Weaving: From String to Rugs

String: A New Industry

The Hisatsonim (Ancient Ones) invented string independently in the New World about 1200 years ago. The pattern is always two, four, or eight strands. European cordage is always odd-numbered.

Plant fibers from yucca leaves, willow bark, juniper root bark, and cotton were first twisted between hand and thigh. Wild hemp was used, but not lately! Animal sinew and dog hair made bindings that were both strong and decorative.

Rabbit fur and yucca string made a cord one inch thick. A skilled worker showed only the fur on the outside and it was soft to the touch, yet very strong. Hisatsonim and Pueblos have made this all through their history and Hopi men make them today.

The Hisatsonim began making turkey-feather cordage between 500 and 700 A.D. At this time these Ancient Ones were living in pit houses built inside the huge caves of the area. The tame birds of today are not suitable, but what is now called "Miriam's turkey" is still found at Mesa Verde.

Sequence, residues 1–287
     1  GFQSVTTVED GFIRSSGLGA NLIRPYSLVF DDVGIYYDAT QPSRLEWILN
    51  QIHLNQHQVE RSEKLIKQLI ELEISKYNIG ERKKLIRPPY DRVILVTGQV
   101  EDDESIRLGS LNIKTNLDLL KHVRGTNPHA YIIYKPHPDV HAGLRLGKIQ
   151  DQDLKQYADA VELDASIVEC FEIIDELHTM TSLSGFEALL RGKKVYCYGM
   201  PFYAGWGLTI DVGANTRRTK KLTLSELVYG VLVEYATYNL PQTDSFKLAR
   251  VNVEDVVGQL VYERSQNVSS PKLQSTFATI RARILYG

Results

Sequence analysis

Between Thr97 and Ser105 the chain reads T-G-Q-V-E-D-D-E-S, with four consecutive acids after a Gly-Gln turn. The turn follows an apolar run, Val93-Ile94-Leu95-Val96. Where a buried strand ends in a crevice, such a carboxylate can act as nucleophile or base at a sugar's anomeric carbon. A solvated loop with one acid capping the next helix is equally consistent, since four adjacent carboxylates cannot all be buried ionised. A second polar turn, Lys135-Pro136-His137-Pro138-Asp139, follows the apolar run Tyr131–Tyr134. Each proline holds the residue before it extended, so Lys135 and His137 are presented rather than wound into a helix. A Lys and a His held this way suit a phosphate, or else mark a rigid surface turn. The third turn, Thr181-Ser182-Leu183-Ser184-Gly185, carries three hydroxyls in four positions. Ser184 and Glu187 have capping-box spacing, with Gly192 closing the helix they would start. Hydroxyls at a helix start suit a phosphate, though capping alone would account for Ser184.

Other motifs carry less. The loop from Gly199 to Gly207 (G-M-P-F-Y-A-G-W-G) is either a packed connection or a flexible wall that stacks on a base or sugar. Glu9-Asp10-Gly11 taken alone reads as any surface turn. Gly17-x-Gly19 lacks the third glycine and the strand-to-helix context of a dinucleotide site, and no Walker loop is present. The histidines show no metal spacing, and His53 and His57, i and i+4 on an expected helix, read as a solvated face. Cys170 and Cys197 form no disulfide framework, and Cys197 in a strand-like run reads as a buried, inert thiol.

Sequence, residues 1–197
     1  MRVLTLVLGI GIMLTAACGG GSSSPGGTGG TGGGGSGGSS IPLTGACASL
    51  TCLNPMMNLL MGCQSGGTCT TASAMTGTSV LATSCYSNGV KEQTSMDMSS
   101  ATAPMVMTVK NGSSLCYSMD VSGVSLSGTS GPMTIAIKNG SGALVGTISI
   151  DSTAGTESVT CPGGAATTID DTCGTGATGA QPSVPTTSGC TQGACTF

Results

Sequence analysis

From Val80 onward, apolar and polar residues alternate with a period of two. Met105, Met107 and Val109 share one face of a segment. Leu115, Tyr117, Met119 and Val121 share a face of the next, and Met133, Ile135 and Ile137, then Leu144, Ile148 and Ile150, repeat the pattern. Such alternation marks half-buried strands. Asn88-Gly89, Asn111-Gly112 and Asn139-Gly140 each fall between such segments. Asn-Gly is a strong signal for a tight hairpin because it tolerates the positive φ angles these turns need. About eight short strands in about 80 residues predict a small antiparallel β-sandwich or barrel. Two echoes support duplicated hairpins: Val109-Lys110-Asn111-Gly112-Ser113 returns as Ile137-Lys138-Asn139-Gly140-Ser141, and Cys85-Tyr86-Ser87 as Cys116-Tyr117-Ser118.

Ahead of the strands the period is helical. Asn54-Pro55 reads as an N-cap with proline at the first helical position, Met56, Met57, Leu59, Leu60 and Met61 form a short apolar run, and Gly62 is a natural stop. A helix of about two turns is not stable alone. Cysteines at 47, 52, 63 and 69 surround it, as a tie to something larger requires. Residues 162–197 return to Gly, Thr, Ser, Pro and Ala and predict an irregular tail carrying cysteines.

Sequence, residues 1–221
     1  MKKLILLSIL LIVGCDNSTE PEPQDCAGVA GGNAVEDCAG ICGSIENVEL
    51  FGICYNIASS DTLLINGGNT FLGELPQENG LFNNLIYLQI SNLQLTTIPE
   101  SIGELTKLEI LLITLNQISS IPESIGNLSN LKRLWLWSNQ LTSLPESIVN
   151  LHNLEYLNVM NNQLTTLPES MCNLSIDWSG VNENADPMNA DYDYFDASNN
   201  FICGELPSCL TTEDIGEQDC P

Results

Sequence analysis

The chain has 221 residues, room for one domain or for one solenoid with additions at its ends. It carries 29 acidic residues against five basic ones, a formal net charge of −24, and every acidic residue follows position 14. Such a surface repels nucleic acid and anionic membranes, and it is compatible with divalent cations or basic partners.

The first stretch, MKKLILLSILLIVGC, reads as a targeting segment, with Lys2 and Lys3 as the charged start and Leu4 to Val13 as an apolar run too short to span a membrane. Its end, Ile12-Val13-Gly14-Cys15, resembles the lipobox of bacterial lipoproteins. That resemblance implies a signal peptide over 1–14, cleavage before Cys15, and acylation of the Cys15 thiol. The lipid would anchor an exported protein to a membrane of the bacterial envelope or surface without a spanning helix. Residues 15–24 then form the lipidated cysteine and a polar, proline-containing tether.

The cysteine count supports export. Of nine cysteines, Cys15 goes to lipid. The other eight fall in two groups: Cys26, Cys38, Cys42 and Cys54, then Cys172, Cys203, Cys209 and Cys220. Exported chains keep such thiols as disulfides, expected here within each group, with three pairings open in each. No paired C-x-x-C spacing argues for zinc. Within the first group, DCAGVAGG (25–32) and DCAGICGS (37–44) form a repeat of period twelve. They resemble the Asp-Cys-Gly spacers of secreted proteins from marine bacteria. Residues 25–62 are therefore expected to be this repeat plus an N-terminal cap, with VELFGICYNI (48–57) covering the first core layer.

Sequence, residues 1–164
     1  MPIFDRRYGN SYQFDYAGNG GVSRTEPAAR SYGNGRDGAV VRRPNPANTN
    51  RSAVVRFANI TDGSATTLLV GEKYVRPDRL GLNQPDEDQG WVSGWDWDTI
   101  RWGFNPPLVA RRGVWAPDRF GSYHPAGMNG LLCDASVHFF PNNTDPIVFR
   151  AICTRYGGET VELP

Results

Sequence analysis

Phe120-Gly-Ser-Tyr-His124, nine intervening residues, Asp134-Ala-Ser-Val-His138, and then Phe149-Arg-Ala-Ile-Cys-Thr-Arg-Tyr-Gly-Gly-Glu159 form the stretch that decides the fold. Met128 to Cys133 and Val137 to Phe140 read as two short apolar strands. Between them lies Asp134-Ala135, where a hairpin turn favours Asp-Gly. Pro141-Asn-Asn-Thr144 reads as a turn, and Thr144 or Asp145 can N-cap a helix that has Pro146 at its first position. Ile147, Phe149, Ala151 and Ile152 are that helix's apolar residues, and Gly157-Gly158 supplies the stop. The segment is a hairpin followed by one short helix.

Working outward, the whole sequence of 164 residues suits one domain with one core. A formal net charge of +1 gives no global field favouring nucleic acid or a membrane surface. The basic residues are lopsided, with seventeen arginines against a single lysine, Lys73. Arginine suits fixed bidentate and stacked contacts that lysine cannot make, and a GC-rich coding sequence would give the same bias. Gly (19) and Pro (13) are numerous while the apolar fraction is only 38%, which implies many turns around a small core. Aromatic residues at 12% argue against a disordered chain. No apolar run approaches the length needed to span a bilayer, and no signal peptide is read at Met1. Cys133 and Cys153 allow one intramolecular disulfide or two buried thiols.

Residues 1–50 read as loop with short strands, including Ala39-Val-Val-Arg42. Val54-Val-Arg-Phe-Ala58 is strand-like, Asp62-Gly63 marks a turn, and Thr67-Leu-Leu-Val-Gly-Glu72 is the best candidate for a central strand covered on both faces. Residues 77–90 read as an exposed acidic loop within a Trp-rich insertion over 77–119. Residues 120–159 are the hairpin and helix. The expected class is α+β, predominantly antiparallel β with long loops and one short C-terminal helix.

Buffalo hair was only available by trading cornmeal; Hisatsinom women were "encouraged" to grow hair to the length of 18 inches. This was harvested by the husband to save the cornmeal.

In the 1890's the men at Zuni Pueblo spun milkweed string. The seeds - with down attached - were removed from the pods and laid out on a bed of white sand. A thin, flexible forked stick was used to whip the fibers loose. This process was also used to spin cotton.

The next development was the making of nets, and this progressed to finger plaiting, and then to the weaving of cloth.

Weaving In The New World

The first simple loom was a pattern of pegs in the ground and must have been a back-breaking job. About 750 A.D. some Hisatsinom artisan picked the "loom" up to hang it by the top and a new cave industry was born. Though they wove blankets, they only wore sandals. How anybody knows this, I don't know.

The vertical loom may have been introduced by peoples from the south, possibly the Hohokam or Mogollan. More research has shown a much closer relationship than to call them separate peoples. Modern Mexican weavers use horizontal looms, which shows that the origin of their method is Europe. Or that two different people had the same idea.

The increased tension that is accomplished by a vertical loom is the reason for the superior quality of the Navajo rugs today. This technique has been passed down and it is a traditional family affair.